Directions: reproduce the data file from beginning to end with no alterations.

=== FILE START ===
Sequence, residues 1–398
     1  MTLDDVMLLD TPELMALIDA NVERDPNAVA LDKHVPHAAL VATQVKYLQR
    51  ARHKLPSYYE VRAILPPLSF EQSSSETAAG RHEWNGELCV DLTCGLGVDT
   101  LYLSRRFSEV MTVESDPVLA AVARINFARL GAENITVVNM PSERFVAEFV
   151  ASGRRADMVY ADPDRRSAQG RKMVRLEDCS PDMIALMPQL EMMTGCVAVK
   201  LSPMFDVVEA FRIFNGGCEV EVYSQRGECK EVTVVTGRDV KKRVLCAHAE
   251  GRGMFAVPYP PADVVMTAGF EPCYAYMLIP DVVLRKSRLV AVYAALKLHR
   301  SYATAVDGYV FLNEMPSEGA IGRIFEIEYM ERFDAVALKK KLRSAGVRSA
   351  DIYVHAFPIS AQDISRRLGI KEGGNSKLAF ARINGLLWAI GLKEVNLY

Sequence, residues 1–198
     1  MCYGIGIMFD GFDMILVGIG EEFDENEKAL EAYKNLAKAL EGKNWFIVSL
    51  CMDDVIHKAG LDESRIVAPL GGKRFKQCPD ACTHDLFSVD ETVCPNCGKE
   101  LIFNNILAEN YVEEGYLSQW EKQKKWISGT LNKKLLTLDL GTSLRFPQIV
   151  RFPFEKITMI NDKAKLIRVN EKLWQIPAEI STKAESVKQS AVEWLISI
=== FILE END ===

Sequence, residues 1–398
     1  MTLDDVMLLD TPELMALIDA NVERDPNAVA LDKHVPHAAL VATQVKYLQR
    51  ARHKLPSYYE VRAILPPLSF EQSSSETAAG RHEWNGELCV DLTCGLGVDT
   101  LYLSRRFSEV MTVESDPVLA AVARINFARL GAENITVVNM PSERFVAEFV
   151  ASGRRADMVY ADPDRRSAQG RKMVRLEDCS PDMIALMPQL EMMTGCVAVK
   201  LSPMFDVVEA FRIFNGGCEV EVYSQRGECK EVTVVTGRDV KKRVLCAHAE
   251  GRGMFAVPYP PADVVMTAGF EPCYAYMLIP DVVLRKSRLV AVYAALKLHR
   301  SYATAVDGYV FLNEMPSEGA IGRIFEIEYM ERFDAVALKK KLRSAGVRSA
   351  DIYVHAFPIS AQDISRRLGI KEGGNSKLAF ARINGLLWAI GLKEVNLY

Sequence, residues 1–198
     1  MCYGIGIMFD GFDMILVGIG EEFDENEKAL EAYKNLAKAL EGKNWFIVSL
    51  CMDDVIHKAG LDESRIVAPL GGKRFKQCPD ACTHDLFSVD ETVCPNCGKE
   101  LIFNNILAEN YVEEGYLSQW EKQKKWISGT LNKKLLTLDL GTSLRFPQIV
   151  RFPFEKITMI NDKAKLIRVN EKLWQIPAEI STKAESVKQS AVEWLISI